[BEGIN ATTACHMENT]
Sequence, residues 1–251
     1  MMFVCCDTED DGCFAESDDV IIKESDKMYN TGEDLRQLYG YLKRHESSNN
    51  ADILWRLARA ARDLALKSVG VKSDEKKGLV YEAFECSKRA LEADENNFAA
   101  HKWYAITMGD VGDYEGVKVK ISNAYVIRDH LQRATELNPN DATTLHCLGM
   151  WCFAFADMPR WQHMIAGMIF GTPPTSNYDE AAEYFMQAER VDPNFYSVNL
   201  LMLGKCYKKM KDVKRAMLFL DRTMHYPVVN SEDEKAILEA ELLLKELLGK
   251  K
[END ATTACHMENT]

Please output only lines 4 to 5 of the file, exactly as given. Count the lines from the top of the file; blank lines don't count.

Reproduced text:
   101  HKWYAITMGD VGDYEGVKVK ISNAYVIRDH LQRATELNPN DATTLHCLGM
   151  WCFAFADMPR WQHMIAGMIF GTPPTSNYDE AAEYFMQAER VDPNFYSVNL